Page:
A voter takes advantage of the DCCC's "Cycle of Engagement Initiative" which provides greater access to voting for people of color. (Courtesy of DCCC)
Courtesy of DCCC

There are many variations in electoral systems but the most common systems include first-past-the-post voting, block voting, the two-round (runoff) system, proportional representation and ranked voting.

Rankedchoice voting has emerged over the past several decades as a reform endorsed by political activists. They contend that more traditional elections in which the person with the most votes wins, can go wrong when there are multiple candidates because someone most voters oppose can win due to the split of the vote.

Ralph Nader, serves as example, being the third-party “spoilerwho drew votes away from Al Gore and tipped key states to George W. Bush in 2000. 

In theory, ranked choice can avert this outcome because it asks voters to rank candidates in order of their preference. As votes are counted, the lower-performing candidates are gradually eliminatedand votes for them are redirected to those voters’ backup choices. (In the 2000 example, when Nader gets eliminated, ballots that ranked Nader as first choice and Gore as second turn into votes for Gore, increasing his total.)

Ranked-choice voting remains pretty rare in the U.S. but it’s getting more attention in recent years. Several cities (most notably San Francisco, Oakland, Minneapolis and St. Paul) have used it for over a decade. Maine adopted it for federal elections in 2018 and in 2021 both New York City and Alaska initiated their own versionsfor the first time.

How Ranked-Choice Works

Rankedchoice voting [RCV] describes voting systems that allow voters to rank candidates in order of preference and then uses those rankings to elect candidates who best represent their constituents.

RCV is straightforward for voters: rank candidates in order of choice. Voters can rank as many candidates as they want without fear that ranking others will hurt the chances of their favorite candidate. How the votes are counted depends on whether RCV is used to elect a single office, like a mayor or governor, or whether it is used to elect more than one position at once, like an at-large city council or a state legislature elected in a multi-winner district. 

For a single office, like for a mayor or governor, RCV helps to elect a candidate who reflects a majority of voters in a single election even when several viable candidates are in the race. Rankedchoice voting is a way to ensure elections are fair for all voters. It allows voters the option to rank candidates in order of preference: one, two, three, and so forth.

If your vote cannot help your top choice win, your vote counts for your next choice. In races where voters select one winner, if a candidate receives more than half of the first choices, that candidate wins, just like in any other election. However, if there is no majority winner after counting first choices, the race is decided by an instant runoff. The candidate with the fewest votes is eliminated and voters who picked that candidate as ‘Number 1’ will have their votes count for their next choice. This process continues until there’s a majority winner or a candidate won with more than half of the vote.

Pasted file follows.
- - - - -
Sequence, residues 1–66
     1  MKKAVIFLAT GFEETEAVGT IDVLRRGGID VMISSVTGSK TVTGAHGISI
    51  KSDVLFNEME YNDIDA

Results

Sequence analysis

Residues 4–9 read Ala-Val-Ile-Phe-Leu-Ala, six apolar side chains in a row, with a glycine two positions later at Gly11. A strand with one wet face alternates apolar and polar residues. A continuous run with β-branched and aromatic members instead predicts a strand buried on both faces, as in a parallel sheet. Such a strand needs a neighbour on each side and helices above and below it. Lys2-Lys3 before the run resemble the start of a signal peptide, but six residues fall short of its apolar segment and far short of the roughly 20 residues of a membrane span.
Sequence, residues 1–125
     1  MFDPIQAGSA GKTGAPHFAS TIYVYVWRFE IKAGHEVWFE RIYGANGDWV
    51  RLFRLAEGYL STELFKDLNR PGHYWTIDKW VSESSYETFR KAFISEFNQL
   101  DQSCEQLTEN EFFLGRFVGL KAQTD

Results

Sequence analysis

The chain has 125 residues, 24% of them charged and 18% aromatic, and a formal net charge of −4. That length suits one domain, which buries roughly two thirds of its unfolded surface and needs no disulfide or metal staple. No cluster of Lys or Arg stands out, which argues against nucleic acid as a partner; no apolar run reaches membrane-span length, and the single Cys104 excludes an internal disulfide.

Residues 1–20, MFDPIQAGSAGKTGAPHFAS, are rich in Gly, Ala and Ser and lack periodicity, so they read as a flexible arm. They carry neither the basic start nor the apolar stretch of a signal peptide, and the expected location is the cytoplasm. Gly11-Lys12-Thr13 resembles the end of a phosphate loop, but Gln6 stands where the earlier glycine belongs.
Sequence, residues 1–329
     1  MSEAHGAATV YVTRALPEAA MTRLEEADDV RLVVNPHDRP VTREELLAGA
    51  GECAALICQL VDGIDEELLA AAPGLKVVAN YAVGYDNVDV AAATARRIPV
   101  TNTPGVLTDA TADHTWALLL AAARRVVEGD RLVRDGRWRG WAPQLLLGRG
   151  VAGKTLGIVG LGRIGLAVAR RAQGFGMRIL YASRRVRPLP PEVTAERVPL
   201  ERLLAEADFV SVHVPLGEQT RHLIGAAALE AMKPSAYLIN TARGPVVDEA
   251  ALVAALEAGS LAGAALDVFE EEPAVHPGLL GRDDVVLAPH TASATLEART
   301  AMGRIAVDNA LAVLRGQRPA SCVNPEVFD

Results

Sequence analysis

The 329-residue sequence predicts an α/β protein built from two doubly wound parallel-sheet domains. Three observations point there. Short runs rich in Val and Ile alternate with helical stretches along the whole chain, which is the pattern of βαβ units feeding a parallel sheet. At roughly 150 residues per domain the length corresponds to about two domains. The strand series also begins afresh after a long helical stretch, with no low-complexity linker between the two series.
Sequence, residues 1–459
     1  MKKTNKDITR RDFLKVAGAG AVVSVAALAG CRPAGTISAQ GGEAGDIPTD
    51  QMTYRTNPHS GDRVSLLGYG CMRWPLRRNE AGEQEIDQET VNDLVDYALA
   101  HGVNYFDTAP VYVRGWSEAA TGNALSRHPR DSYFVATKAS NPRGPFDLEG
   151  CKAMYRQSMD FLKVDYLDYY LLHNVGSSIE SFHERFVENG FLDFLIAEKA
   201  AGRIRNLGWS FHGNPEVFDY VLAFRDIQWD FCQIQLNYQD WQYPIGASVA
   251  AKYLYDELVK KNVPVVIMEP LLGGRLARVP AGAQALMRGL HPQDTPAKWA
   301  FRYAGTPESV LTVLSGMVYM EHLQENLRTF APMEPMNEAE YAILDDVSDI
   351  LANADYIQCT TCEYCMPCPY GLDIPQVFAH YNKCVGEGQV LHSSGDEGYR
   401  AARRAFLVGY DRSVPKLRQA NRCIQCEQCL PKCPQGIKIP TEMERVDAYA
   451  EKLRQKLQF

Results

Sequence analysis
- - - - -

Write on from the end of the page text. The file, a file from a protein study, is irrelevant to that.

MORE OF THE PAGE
Ranked choice voting can be used in multi-winner elections, like a city council elected at-large, a state legislature elected in a multi-winner district, or even the U.S. House of Representatives. In that setting, RCV can serve as a candidate-based form of proportional voting.

Still Confused? Try These Resources  

Daniel Newman, president and co-founder of MapLight, has come up with an innovative way to educate voters about election reform issues in the form of a graphic novel. In July 2020, Newman released Unrig: How to Fix Our Broken Democracy. Through comics, he examines how plurality elections drive polarization and fail to adequately represent voters. He demonstrates how ranked-choice voting, paired with multi-member districts, can improve representation and ease partisan tensions. 

The following YouTube videos can make learning about ranked-choice voting both informative and a lot of fun:

https://www.youtube.com/watch?v=P10PFuBFVL8  KQED News

https://www.youtube.com/watch?v=8Z2fRPRkWvY FairVote.org

https://www.youtube.com/watch?v=5ZoFjaTSvQY Rolling Stone

D. Kevin McNeir – Senior Editor

Dominic Kevin McNeir is an award-winning journalist with more than 25 years of service for the Black Press (NNPA). Prior to moving East to assist his aging parents in their struggles with Alzheimer’s,...

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1 Comment

  1. The first paragraph leaves out cardinal voting methods, in which voters score/rate candidates to indicate their preferences. These are simpler than ranked methods because they (usually) only require addition to tally the votes. But they are also more expressive because ratings are more expressive than rankings, as rankings don’t indicate degree of preference. The simplest and easiest to implement among cardinal methods is Approval voting (score voting with scale of 0 – 1). Approval voting has been adopted in Fargo ND and St. Louis MO.
    It should be noted that RCV/Instant Runoff does not guarantee a true majority. The winner will have a majority of votes in the final round, but not necessarily of all votes cast. The best current example of this is the NYC Dem primary in which Adams won with 404,500 votes, out of 942,000 votes. This is only 43% of the vote. In the final round Garcia had only accumulated 397,300 votes. The remaining 140,200 votes were exhausted, meaning all candidates on those ballots had been eliminated before the final round. This only matters if the electorate cares about achieving a true majority winner.

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